Viana, Maria Carmen ; Lim, Carmen C.W. ; Garcia Pereira, Flavia ; Aguilar-Gaxiola, Sergio ; Alonso, Jordi ; Bruffaerts, Ronny ; de Jonge, Peter ; Caldas-de-Almeida, Jose Miguel ; O'Neill, Siobhan ; Stein, Dan J. ; Al-Hamzawi, Ali ; Benjet, Corina ; Cardoso, Graça ; Florescu, Silvia ; de Girolamo, Giovanni ; Haro, Josep Maria ; Hu, Chiyi ; Kovess-Masfety, Viviane ; Levinson, Daphna ; Piazza, Marina ; Posada-Villa, José ; Rabczenko, Daniel ; Kessler, Ronald C. ; Scott, Kate M. / Previous Mental Disorders and Subsequent Onset of Chronic Back or Neck Pain : Findings From 19 Countries. In: Journal of Pain. 2017.
@article{a4e078f602df4711b549fc51a14acf0b,
title = "Previous Mental Disorders and Subsequent Onset of Chronic Back or Neck Pain: Findings From 19 Countries",
abstract = "Associations between depression/anxiety and pain are well established, but its directionality is not clear. We examined the associations between temporally previous mental disorders and subsequent self-reported chronic back/neck pain onset, and investigated the variation in the strength of associations according to timing of events during the life course, and according to gender. Data were from population-based household surveys conducted in 19 countries (N = 52,095). Lifetime prevalence and age of onset of 16 mental disorders according to the Diagnostic and Statistical Manual of Mental Disorders, Fourth Edition, and the occurrence and age of onset of back/neck pain were assessed using the Composite International Diagnostic Interview. Survival analyses estimated the associations between first onset of mental disorders and subsequent back/neck pain onset. All mental disorders were positively associated with back/neck pain in bivariate analyses; most (12 of 16) remained so after adjusting for psychiatric comorbidity, with a clear dose-response relationship between number of mental disorders and subsequent pain. Early-onset disorders were stronger predictors of pain; when adjusting for psychiatric comorbidity, this remained the case for depression/dysthymia. No gender differences were observed. In conclusion, individuals with mental disorder, beyond depression and anxiety, are at higher risk of developing subsequent back/neck pain, stressing the importance of early detection of mental disorders, and highlight the need of assessing back/neck pain in mental health clinical settings. Perspective: Previous mental disorders according to the Diagnostic and Statistical Manual of Mental Disorders, Fourth Edition are positively associated with subsequent back/neck pain onset, with a clear dose-response relationship between number of mental disorders and subsequent pain. Earlier-onset mental disorders are stronger predictors of subsequent pain onset, compared with later-onset disorders.",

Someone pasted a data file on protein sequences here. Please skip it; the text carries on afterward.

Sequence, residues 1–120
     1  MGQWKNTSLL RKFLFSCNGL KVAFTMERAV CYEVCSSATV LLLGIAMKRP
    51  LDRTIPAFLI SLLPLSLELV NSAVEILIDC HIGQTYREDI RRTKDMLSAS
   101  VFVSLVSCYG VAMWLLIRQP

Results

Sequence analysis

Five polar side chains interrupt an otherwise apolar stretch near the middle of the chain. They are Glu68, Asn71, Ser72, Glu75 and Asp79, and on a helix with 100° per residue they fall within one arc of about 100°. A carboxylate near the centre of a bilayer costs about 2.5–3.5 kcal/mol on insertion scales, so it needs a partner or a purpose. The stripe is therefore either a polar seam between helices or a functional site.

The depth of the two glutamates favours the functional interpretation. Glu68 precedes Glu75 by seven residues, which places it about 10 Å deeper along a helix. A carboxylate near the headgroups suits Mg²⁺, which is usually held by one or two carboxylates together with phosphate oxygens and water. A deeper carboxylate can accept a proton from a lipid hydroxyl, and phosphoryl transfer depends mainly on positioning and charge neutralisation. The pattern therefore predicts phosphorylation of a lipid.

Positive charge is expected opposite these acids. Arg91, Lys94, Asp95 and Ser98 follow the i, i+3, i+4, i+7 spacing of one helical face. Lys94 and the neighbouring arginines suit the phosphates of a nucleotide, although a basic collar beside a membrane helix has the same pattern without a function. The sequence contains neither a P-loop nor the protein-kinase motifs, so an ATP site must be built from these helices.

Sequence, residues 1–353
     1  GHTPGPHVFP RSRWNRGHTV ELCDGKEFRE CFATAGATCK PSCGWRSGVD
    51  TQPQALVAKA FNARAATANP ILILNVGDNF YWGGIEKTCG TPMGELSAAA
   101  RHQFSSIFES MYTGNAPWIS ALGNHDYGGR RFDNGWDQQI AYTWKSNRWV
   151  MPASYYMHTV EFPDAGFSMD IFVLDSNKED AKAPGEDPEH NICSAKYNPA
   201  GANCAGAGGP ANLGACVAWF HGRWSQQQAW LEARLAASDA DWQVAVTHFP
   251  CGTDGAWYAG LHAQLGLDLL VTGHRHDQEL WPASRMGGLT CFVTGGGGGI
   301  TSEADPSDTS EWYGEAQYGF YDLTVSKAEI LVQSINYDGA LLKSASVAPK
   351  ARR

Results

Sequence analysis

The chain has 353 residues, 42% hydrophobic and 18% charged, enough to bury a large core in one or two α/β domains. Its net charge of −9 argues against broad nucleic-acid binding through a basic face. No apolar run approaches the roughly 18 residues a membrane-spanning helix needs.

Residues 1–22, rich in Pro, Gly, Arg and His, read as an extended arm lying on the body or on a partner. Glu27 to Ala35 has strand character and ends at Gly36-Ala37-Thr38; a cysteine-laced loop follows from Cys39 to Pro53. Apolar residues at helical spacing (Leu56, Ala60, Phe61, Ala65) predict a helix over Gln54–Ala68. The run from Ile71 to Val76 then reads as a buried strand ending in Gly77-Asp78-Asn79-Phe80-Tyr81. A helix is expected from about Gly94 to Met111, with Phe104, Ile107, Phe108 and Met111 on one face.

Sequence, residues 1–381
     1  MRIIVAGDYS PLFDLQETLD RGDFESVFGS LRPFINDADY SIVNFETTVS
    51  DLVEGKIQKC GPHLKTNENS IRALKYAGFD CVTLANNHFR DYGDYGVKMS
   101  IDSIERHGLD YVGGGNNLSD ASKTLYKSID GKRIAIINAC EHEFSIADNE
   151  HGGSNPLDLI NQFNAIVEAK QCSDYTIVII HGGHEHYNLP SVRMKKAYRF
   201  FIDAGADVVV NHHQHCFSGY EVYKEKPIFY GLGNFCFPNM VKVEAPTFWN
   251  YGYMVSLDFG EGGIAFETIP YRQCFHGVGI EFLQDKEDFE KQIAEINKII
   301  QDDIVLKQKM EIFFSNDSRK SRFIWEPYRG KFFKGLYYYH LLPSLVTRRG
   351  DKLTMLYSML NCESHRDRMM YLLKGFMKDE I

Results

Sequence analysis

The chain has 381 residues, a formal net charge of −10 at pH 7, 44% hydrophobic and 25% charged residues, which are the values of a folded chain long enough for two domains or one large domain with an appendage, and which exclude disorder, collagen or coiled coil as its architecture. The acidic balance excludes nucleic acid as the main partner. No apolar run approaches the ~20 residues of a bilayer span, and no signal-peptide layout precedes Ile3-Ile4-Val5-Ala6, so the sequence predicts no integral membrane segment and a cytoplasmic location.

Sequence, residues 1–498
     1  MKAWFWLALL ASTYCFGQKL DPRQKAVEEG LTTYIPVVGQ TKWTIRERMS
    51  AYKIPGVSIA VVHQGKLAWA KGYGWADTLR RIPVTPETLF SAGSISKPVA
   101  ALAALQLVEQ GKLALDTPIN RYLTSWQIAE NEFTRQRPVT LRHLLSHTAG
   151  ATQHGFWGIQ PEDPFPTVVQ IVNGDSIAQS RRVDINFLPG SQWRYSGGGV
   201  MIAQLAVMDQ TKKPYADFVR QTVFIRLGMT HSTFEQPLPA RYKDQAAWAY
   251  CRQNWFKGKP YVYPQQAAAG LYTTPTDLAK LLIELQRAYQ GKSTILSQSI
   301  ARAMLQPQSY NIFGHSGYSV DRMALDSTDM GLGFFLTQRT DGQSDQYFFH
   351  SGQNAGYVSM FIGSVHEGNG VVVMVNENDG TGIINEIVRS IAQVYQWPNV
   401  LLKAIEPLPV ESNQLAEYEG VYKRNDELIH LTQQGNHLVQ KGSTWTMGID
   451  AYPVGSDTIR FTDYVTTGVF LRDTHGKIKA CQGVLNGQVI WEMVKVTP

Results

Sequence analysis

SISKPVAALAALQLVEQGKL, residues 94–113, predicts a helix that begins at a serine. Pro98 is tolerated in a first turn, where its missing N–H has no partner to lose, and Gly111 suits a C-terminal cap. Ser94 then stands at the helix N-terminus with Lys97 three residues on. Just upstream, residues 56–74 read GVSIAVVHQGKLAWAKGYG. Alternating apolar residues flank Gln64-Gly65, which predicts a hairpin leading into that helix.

keywords = "Back or neck pain, Cross-national studies, Mental health, Mental-physical comorbidity, Psychiatric epidemiology",
author = "Viana, {Maria Carmen} and Lim, {Carmen C.W.} and {Garcia Pereira}, Flavia and Sergio Aguilar-Gaxiola and Jordi Alonso and Ronny Bruffaerts and {de Jonge}, Peter and Caldas-de-Almeida, {Jose Miguel} and Siobhan O'Neill and Stein, {Dan J.} and Ali Al-Hamzawi and Corina Benjet and Gra{\cc}a Cardoso and Silvia Florescu and {de Girolamo}, Giovanni and Haro, {Josep Maria} and Chiyi Hu and Viviane Kovess-Masfety and Daphna Levinson and Marina Piazza and Jos{\'e} Posada-Villa and Daniel Rabczenko and Kessler, {Ronald C.} and Scott, {Kate M.}",
year = "2017",
month = "1",
day = "1",
doi = "10.1016/j.jpain.2017.08.011",
language = "English (US)",
journal = "Journal of Pain",
issn = "1526-5900",
publisher = "Churchill Livingstone",

}

TY - JOUR

T1 - Previous Mental Disorders and Subsequent Onset of Chronic Back or Neck Pain

T2 - Findings From 19 Countries

AU - Viana, Maria Carmen

AU - Lim, Carmen C.W.

AU - Garcia Pereira, Flavia

AU - Aguilar-Gaxiola, Sergio

AU - Alonso, Jordi

AU - Bruffaerts, Ronny

AU - de Jonge, Peter

AU - Caldas-de-Almeida, Jose Miguel

AU - O'Neill, Siobhan

AU - Stein, Dan J.

AU - Al-Hamzawi, Ali

AU - Benjet, Corina

AU - Cardoso, Graça

AU - Florescu, Silvia

AU - de Girolamo, Giovanni

AU - Haro, Josep Maria

AU - Hu, Chiyi

AU - Kovess-Masfety, Viviane

AU - Levinson, Daphna

AU - Piazza, Marina

AU - Posada-Villa, José

AU - Rabczenko, Daniel

AU - Kessler, Ronald C.

AU - Scott, Kate M.

PY - 2017/1/1

Y1 - 2017/1/1